< February 2019 >
M T W T F S S
28 29 30 31 1 2 3
4 5 6 7 8 9 10
11 12 13 14 15 16 17
18 19 20 21 22 23 24
25 26 27 28 1 2 3

J. C. Pepusch's Venus & Adonis (1715)

Venus and Adonis UQ 500 x 250
Francois Le Moyne. Venus and Adonis (1729). Copyright Wikimedia Commons.

Dates & Times: Saturday 23 November 2013, 2.30pm.
                           Tuesday 26 November 2013, 6.30pm
Venue: The University of Queensland Art Museum, University Drive, St Lucia
Admission is free.
Enquiries to uqche@uq.edu.au or call (07) 3365-4913.

Download poster for Venus and Adonis performance

 

Musical Director: Donald Nicolson
Producer: Jane Davidson
Venus: Charlotte Betts-Dean
Adonis: Vivien Hamilton
Mars: Stephen Grant
Chorus: UQ School of Music student vocalists
Orchestra: The Badinerie Players joined by guest artists from across Australia.

About the performance: First performed to critical acclaim at London's Theatre Royal at Drury Lane in March 1715, Johann Christoph Pepusch's masque Venus & Adonis is a setting of an English-language libretto by Colley Cibber (after Ovid).  Similar in tone and length to Handel's Acis & Galatea, this small-scale opera tells the captivating story of the love between Venus and Adonis, and the bitter jealousy of his rival, Mars.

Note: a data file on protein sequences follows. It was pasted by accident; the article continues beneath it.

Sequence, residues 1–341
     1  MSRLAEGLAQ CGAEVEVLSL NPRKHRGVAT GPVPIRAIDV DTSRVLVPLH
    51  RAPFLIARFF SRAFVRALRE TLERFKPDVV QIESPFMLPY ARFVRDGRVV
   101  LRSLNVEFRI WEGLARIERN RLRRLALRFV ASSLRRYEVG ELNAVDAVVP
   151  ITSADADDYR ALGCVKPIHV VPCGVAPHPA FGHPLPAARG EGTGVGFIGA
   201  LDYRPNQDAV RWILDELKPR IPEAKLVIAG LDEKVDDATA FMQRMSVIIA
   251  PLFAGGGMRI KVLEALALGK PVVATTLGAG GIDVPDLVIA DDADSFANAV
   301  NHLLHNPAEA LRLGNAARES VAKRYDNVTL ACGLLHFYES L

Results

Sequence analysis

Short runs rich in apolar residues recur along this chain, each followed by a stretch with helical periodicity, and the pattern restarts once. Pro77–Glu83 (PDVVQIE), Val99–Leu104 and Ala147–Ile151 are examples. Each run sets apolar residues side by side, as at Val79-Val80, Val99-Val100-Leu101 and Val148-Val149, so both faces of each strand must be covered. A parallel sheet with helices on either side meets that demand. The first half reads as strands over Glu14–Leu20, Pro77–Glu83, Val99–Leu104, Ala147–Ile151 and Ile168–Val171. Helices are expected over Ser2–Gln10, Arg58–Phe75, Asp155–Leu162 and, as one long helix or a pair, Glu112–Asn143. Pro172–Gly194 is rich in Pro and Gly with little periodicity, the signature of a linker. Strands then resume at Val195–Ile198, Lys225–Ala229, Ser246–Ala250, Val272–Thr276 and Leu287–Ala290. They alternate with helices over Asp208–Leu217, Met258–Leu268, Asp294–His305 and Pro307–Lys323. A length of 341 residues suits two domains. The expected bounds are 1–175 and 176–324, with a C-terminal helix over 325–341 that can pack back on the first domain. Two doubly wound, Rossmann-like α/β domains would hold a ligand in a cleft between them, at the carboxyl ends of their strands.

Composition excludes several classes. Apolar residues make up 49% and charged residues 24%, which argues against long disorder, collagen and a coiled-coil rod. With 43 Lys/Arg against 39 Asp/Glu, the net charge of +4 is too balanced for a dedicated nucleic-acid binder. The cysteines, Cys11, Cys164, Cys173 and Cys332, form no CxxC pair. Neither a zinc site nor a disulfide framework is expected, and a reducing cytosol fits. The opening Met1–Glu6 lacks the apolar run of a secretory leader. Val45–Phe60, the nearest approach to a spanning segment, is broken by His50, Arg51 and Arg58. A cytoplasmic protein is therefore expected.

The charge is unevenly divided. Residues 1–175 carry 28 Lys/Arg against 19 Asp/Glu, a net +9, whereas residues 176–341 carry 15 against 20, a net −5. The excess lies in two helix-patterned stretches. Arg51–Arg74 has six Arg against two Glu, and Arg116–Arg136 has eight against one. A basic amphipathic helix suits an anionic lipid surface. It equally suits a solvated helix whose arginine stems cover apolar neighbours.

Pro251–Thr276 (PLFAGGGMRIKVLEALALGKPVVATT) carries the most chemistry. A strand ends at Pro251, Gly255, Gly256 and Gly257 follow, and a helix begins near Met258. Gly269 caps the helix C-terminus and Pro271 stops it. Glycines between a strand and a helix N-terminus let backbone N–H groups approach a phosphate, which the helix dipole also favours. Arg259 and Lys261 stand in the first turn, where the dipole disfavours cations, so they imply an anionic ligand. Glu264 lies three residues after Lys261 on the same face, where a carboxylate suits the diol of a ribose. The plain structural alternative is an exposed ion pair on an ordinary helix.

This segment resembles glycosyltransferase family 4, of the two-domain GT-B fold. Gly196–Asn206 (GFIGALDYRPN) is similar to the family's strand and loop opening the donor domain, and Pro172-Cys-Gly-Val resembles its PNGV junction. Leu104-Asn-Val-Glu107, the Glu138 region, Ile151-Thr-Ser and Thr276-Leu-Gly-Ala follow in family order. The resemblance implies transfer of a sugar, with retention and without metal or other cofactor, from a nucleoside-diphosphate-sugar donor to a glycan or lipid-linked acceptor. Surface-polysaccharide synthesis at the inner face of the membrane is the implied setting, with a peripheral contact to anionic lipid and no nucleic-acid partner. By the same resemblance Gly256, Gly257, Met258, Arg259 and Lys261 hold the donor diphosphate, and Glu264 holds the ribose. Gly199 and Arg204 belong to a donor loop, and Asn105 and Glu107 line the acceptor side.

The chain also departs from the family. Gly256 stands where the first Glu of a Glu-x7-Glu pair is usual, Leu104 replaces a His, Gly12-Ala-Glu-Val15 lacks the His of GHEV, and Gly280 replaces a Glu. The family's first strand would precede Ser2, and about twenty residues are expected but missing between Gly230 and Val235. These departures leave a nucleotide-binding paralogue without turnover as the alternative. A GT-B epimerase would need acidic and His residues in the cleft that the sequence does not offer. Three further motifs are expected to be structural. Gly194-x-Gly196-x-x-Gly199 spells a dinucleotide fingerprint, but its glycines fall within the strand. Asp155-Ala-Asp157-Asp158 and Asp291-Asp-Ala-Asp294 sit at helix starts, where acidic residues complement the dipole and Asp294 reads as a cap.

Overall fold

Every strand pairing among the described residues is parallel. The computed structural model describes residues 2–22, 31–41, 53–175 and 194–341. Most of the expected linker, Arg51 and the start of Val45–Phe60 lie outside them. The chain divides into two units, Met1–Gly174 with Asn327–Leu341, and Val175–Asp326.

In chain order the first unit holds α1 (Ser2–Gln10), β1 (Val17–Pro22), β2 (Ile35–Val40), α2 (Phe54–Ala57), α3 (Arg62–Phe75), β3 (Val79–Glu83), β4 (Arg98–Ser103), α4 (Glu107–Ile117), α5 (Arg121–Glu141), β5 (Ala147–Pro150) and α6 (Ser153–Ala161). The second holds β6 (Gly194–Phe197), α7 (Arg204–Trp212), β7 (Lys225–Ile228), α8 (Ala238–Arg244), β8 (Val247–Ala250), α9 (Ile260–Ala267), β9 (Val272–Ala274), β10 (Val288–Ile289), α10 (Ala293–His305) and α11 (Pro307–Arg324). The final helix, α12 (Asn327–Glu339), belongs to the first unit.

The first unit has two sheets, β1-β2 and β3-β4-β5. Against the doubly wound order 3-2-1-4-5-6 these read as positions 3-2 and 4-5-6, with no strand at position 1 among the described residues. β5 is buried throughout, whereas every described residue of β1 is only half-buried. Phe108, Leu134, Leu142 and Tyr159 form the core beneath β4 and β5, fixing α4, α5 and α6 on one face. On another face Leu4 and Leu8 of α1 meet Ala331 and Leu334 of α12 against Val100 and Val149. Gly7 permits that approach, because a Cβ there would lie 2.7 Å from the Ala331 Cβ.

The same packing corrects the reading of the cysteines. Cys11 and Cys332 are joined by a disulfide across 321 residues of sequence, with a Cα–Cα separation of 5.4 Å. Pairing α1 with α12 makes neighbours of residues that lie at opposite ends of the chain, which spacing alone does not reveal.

The work will be performed with vocal soloists and baroque instrumentalists drawn both locally and from further afield, under the musical direction of harpsichordist Donald Nicolson (from Melbourne-based baroque trio Latitude 37) with theatrical direction by Prof. Jane Davidson (who recently worked on a number of baroque operas in collaboration with harpist Andrew Lawrence-King, including a Copenhagen production of Monteverdi's Orfeo).  The score has been edited by UQ academic (and baroque oboist) Dr Samantha Owens from a manuscript set of parts now held in the library of London's Royal Academy of Music, that can be traced back to a 1718 revival at the Lincoln's Inn Fields Theatre.

These performances are in conjunction with a three-day research collaboratory 'Arts and Rhetorics of Emotions in Early Modern Europe' from 25–27 November at the University of Queensland.